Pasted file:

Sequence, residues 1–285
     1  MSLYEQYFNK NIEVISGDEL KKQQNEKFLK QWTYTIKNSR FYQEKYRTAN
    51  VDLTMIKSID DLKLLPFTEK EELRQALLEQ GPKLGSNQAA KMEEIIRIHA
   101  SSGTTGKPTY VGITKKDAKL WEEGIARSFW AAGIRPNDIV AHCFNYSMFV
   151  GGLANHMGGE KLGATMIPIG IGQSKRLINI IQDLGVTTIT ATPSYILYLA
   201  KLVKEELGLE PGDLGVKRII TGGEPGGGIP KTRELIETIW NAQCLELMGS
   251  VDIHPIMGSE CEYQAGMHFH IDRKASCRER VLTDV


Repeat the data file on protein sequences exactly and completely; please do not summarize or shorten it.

Sequence, residues 1–285
     1  MSLYEQYFNK NIEVISGDEL KKQQNEKFLK QWTYTIKNSR FYQEKYRTAN
    51  VDLTMIKSID DLKLLPFTEK EELRQALLEQ GPKLGSNQAA KMEEIIRIHA
   101  SSGTTGKPTY VGITKKDAKL WEEGIARSFW AAGIRPNDIV AHCFNYSMFV
   151  GGLANHMGGE KLGATMIPIG IGQSKRLINI IQDLGVTTIT ATPSYILYLA
   201  KLVKEELGLE PGDLGVKRII TGGEPGGGIP KTRELIETIW NAQCLELMGS
   251  VDIHPIMGSE CEYQAGMHFH IDRKASCRER VLTDV